There are many things you can do to prepare your MySQL database and the queries it runs so that they are as efficient and optimized as can be. In this article, we will be going over some of the steps you can take to find slow queries, as well as how to optimize them and why these optimizations end up helping.
MySQL comes out of the box with many great tools to analyze your specific database’s situation and the queries it is running on a daily basis. One of those essential tools is the slow query log-- a list of queries that have taken more than a specified amount of time to execute (set by default to 10 seconds via the long_query_time variable), and therefore can likely be optimized.
Note: The slow query log should not be left enabled for an extended period of time. Doing so can decrease database performance as a portion of MySQL will be devoted to the I/O usage of writing and parsing these logs.
Enabling the Slow Query Log is quite simple, and by combing through it you will likely learn much about how your database is truly performing. First, log in to your server (or connect via MySQL Workbench) and run the following query:
SET GLOBAL slow_query_log = 'ON';
If you want to set the location of the Slow Query log to something other than the default
/var/lib/mysql/hostname-slow.log, you can also run this:
SET GLOBAL slow_query_log_file = '/path/to/slow_queries.log';
In either case, make sure the file exists and has permissions to the MySQL user and group. You can do this by running the following command in an SSH prompt where ‘/path/to/slow_queries.log’ is the location of the log you’ve specified above.
touch /path/to/slow_queries.log && chown mysql.mysql /path/to/slow_queries.log
Once that is complete, you should begin to see any and all slow queries populating the log you’ve created. To set these variables permanently, add the following to
/etc/my.cnf under the [mysqld] section:
Once these two lines are added, simply restart the MySQL service whenever it is convenient and the slow query log will be permanently enabled (unless you remove them, of course!).
The number one reason we most often see queries taking a long time to run or using quite a bit of resources is due to this statement. The SELECT * statement within a query reads ALL of the data within your table before printing the results. This causes higher disk I/O as all that data is indexed, and that eventually leads to slower website load times and a decrease in database performance.
It is always a good idea to specify which columns you want when performing your SELECT statements. For example:
"SELECT * FROM name WHERE id = 1"
// More Efficient:
"SELECT firstname FROM name WHERE id = 1"
Remember: the larger your table, the bigger the difference this will make, as the more data SELECT * will be combing through.
You may find that your slow query log is almost empty or you’ve optimized your queries as much as you feel comfortable doing. Alternatively, if you are using a Content Management System (CMS) such as WordPress or Joomla, your databases will generally come with the proper indexes and formatting that they need right out of the box. In any case or simply just to be thorough, there is always the option of tuning the MySQL server itself-- such is an advantage of the open MySQL software.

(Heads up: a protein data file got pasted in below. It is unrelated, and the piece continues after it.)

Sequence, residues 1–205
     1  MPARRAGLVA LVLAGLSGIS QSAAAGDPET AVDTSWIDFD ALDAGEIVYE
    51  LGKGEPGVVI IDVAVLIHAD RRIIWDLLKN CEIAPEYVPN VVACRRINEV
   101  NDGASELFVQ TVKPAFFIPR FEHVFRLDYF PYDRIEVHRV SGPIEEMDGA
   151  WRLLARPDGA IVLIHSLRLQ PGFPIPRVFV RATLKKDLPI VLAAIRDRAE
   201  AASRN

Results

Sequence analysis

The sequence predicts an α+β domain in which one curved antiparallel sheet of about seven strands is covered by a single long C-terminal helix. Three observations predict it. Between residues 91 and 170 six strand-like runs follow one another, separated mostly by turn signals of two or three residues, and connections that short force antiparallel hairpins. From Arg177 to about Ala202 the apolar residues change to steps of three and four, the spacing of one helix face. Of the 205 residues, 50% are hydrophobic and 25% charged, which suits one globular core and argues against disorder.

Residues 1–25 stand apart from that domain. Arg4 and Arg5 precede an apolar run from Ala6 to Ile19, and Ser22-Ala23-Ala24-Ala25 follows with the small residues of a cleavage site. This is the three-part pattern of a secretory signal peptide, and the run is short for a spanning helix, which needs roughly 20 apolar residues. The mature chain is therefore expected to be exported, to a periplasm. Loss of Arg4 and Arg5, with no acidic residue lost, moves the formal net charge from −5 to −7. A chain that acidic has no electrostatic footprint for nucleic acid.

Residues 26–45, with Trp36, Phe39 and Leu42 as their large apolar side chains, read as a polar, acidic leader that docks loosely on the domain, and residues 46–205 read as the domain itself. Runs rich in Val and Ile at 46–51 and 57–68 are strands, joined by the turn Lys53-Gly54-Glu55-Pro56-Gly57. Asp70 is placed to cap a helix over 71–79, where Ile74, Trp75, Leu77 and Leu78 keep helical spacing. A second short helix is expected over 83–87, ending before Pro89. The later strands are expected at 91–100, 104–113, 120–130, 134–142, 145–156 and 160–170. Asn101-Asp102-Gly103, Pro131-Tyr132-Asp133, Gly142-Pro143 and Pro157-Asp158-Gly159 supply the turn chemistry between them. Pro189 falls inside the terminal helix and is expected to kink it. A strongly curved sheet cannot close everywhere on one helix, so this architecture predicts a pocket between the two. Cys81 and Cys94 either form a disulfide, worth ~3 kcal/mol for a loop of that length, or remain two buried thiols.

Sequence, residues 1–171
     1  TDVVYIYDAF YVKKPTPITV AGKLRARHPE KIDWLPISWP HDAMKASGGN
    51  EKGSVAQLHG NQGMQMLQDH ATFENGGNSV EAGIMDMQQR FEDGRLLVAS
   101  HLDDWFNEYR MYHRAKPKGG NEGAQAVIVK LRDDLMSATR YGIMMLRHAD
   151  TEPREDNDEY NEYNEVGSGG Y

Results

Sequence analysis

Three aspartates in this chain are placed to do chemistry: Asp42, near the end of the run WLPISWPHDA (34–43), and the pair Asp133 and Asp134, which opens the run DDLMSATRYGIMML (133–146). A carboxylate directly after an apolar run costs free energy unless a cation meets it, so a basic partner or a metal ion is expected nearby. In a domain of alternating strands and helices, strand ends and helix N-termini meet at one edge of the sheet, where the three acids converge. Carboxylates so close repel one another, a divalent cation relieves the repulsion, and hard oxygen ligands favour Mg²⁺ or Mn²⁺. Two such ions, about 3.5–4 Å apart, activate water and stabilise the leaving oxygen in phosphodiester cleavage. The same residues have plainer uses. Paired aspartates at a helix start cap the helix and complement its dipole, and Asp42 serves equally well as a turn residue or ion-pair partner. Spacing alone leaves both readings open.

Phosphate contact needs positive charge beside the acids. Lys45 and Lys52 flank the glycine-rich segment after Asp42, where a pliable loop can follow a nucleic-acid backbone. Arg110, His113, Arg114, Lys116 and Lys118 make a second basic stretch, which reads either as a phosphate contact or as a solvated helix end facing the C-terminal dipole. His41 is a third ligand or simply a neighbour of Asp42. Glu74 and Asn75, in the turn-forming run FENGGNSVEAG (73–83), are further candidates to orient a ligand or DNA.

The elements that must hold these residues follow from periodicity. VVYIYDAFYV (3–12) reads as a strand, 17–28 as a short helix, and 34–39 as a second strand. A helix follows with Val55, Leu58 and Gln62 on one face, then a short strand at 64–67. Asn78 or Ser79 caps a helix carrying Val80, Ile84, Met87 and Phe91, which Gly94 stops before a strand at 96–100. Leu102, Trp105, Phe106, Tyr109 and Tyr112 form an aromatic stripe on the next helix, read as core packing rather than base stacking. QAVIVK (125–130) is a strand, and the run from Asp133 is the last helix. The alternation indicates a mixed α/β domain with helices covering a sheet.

Below are several key variables which can be tweaked for performance based on your specific server’s resources and needs. To edit these variables, simply edit the /etc/my.cnf on your server via an SSH connection and add/change them under the [mysqld] section within the file. Afterward, restart the MySQL service. As with any variable, we suggest starting with small increments to the default and then testing the new value’s performance over a few days. Setting a variable too high can have detrimental effects on a server’s resources.
Table Buffer Size (read_buffer_size)
Occasionally when a MySQL query performs a full table scan, a memory buffer is allocated to said query. The read_buffer_size variable controls the size of this buffer. If your MySQL queries are generally performing slowly, you may be able to better this performance by increasing the value (in bytes) attached to the variable based on your server’s total RAM. A good starting point is slightly above the default value of
Controlling the Amount of Maximum Open Tables (table_open_cache)
The table_open_cache variable controls the maximum number of tables MySQL can keep open at any one time and as such the server’s ability to respond to incoming requests. Increasing this variable will allow MySQL to keep open a larger amount of tables. Ideally, you’d like this set so that MySQL will re-open a table as infrequently as possible, e.g. with a larger number. The default of this value is
2000, as such an optimal starting point for testing would be
Altering Index Buffer Size (key_buffer_size)
The key_buffer_size variable manages the size of the buffer used when handling table indexes. The MySQL manual recommends this variable to be increased “as much as can be afforded” so that indexed tables receive maximum performance. A value equivalent to about 25 percent of your server’s total system memory is suggested. This is often considered a key configuration variable in regards to optimizing and improving performance, so trying different values for it may be a good place to start. The default value for key_buffer_size is a mere 8388608 bytes, or 8MB. We suggest starting with a value of
1GB (or however much 25% of your server’s RAM equals out to be) and slowly increasing the value from there.